There are places to enjoy the outdoors without leaving the city limits. But if you're in a mood to try southern Illinois, it has treasures to offer. So do places nearby.
Illinois Natural History Survey researcher and author ("Hiking Illinois") Susan Post says "the main requirement I have for a hike is that it includes something interesting to observe. In winter, one might think it would include nothing but tree silhouettes and the occasional deer. If you know what to look for, however, there is plenty to see."
Kanter says any nature area you go to will have something of interest. At River Bend Forest Preserve near Mahomet, for instance, "they have a long season there in terms of open water. Birds are always looking for open water."
Birds are scarce now, but you can still spot a bald eagle on the water now and then, he said, especially at sunrise or sunset.
Post writes in an email that Kickapoo State Park near Oakwood is an excellent place to spot insects.
"In winter, the main attraction for me at Kickapoo is the bridges," she wrote. "They are gathering places for winter stoneflies, a unique group of insects that appears from November to March. The stoneflies congregate in places exposed to the sun's warming rays. The park's concrete bridges are beacons of warmth to a stonefly; with a bit of searching you can see them crawling, interacting with each other, and even mating."
Kanter also loves Kickapoo in winter.
"Most of the trails have gravel on them. It's a different experience from the summer. In winter, you can see how many other people are there," he said.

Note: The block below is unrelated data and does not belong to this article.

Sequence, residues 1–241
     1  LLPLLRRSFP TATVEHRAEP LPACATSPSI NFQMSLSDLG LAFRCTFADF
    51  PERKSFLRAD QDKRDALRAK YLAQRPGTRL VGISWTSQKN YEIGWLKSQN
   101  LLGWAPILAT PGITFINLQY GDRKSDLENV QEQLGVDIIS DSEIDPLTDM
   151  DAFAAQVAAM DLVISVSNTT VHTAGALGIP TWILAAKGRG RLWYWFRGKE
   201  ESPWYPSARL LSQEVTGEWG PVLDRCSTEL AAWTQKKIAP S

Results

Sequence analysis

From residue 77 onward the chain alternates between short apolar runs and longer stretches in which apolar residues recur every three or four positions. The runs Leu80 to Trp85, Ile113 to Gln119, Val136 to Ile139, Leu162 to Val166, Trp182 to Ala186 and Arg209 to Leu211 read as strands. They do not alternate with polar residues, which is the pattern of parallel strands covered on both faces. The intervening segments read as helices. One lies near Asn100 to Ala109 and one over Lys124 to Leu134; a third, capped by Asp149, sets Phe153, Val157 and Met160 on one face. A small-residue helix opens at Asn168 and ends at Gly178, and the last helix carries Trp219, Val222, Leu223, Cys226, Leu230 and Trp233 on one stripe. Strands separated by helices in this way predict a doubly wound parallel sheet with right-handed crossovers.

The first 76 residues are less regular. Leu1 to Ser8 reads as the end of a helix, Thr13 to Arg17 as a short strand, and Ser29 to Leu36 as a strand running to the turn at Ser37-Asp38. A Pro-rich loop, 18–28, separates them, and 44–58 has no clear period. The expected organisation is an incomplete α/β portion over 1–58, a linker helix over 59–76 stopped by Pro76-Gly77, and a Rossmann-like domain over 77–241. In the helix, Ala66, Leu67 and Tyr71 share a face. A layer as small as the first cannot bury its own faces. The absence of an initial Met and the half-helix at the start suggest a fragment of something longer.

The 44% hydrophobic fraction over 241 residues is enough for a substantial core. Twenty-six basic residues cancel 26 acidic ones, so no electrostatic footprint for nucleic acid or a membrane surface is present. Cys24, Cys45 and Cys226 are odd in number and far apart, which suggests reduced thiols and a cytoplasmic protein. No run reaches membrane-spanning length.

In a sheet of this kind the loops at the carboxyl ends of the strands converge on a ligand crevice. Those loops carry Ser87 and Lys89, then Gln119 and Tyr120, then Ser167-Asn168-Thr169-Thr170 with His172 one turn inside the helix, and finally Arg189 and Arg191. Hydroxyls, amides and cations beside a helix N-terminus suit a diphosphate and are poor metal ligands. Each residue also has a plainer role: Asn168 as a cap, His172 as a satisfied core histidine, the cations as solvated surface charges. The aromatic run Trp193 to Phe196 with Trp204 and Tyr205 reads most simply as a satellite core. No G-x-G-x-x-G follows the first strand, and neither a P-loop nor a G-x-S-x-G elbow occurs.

At least one pair of bald eagles is nesting along the Middle Fork River, he said.
Also in Vermilion County is Forest Glen Preserve's Willow Creek Trail.
"The trail to hike if you are searching for the state's earliest blooming plant — skunk cabbage — is Willow Creek," Post wrote. "The trail leads to a Howard's Hollow Seep (a habitat that is permanently wet, yet cloaked in vegetation). Look for the ruddy, yellow-streaked hood of this plant as it bravely pokes through the moist earth in late winter. Skunk cabbage generates its own heat to melt through snow and ice and maintains warm temperatures inside the hood. The trail is 1 mile long."
The UI's Allerton Park is great for birders, Kanter said.
"Birders go to check some stands of evergreens; seed-eating birds living in boreal (northern coniferous) forests sometimes get pushed south," he said. "They're really exotic birds for around here."
At Meadowbrook Park, you can spot beavers at sunrise, he adds.
Farther from here, southern Illinois' Ferne Clyffe State Park is a favorite of Post's.
"During winter in southern Illinois, the weather is always capricious — one day warm, one day wet, the next, freezing cold," she wrote. "At Ferne Clyffe, water drips off the sandstone cliffs, and if the temperature is below freezing, a forest of icicles forms. The decorations look like lace curtains hanging in an old Victorian mansion."
At Cache River State Natural Area in the Heron Pond Nature Preserve, Post has seen "an embossed frog quick-frozen in the duckweed, large marauding flocks of blackbirds taking off and landing in the woods, or fleeting glimpses of both winter wrens and brown creepers. The round trip from the parking lot to the boardwalk is 1.5 miles."